DOI receives praise for final Solar PEIS ruling, allowing solar on public lands

Today, July 24, the Department of the Interior (DOI) issued its final ruling on the Solar Programmatic Environmental Impact Statement (PEIS), a document that’s been in development for years. While the name isn’t to catchy, it’s the most significant policy piece for solar energy—and likely for conservationists this year, if not in the past...

 

 

Abengoa Solar farm in US SouthwestToday, July 24, the Department of the Interior (DOI) issued its final ruling on the Solar Programmatic Environmental Impact Statement (PEIS), a document that’s been in development for years. While the name isn’t to catchy, it’s the most significant policy piece for solar energy—and likely for conservationists this year, if not in the past couple of years.

The PEIS is the finalization of DOI’s plans to allow companies to develop solar installations on lands managed by the Bureau of Land Management (BLM) in the U.S. Southwest. It includes lands in Arizona, California, Colorado, Nevada, New Mexico, and Utah, pre-identified as ideal for solar project development, known as Solar Energy Zones as well as a process for proposing projects on well-sited lands outside of the area, and a complaint procedure allowing interested parties to implement further reviews of projects outside the Solar Energy Zones.

The resulting PEIS was praised by a by collaboration of strange bedfellows ranging from developers to solar companies to environmentalists, that released a joint statement about the decision. They included: Audubon, Brightsource Energy Inc., Center for Energy Efficiency and Renewable Technologies, Center for New Energy Economy, Cleanline Partners, DBL Ventures, Defenders of Wildlife, enXco, First Solar, Inc., Greater Phoenix Economic Council, Large-scale Solar Association, Kris Mayes, former Arizona Corporation Commissioner, Natural Resources Defense Council, The Nature Conservancy, NRG Energy, Pacific Gas & Electric Company, Sierra Club, Solar Energy Industries Association, Southern California Edison, Vote Solar, The Wilderness Society.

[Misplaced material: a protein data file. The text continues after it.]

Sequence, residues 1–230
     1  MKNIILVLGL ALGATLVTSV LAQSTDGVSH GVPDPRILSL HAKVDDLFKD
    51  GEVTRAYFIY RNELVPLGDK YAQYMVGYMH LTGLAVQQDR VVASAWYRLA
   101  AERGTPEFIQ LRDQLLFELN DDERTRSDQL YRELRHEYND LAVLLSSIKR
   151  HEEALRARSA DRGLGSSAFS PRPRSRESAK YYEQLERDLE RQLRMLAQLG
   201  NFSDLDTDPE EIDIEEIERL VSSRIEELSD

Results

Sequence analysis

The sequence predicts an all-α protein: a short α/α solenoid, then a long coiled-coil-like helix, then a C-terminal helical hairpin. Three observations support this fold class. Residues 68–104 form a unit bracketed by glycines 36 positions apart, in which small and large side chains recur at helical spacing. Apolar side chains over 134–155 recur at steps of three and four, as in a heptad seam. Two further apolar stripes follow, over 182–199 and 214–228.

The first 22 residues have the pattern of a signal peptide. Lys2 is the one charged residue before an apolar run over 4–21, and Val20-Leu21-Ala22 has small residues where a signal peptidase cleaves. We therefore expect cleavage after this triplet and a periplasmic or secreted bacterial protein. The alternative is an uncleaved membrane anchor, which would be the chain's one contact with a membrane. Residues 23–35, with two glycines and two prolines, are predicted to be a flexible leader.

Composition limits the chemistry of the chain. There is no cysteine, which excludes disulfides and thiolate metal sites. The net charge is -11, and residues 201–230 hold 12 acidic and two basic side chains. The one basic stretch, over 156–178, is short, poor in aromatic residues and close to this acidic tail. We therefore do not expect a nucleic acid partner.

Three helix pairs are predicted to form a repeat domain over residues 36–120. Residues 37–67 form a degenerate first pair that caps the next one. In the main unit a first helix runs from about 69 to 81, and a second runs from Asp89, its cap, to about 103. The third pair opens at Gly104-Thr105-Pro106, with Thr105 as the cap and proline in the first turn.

“This document is one of the most significant policy steps forward that the DOI has ever taken. The DOI has never taken a public approach or never put in place a mitigation approach for an energy policy,” said Michael Powelson, director of Energy Programs at The Nature Conservancy. “They did a great job. For the mitigation pilots it will take a few months to develop. We probably won’t see one developed until the end of the year.” The first pilot is being developed in Nevada, he added. 

Powelson doesn’t think this sort of a collaboration with the DOI has happened before. “Relative to this this sort of policy outcome…It was [the first] to my knowledge,” he said. There were some bumps along the way. “There were clearly some tensions between potential rampant solar development and the conservation community.…I would like to credit again the DOI and BLM. They put up a message that said industry and community had to work together.” He said the resulting policy will be a lot stronger since it has support from the community instead of just industry.

“This is the type of approach we would like to see DOI use for all energy development on public lands,” Powelson said. They provided a lot of acreage initially. They put a great process in place to think about new places. The environmental community and The Nature Conservancy is very happy,” he said.

 

 

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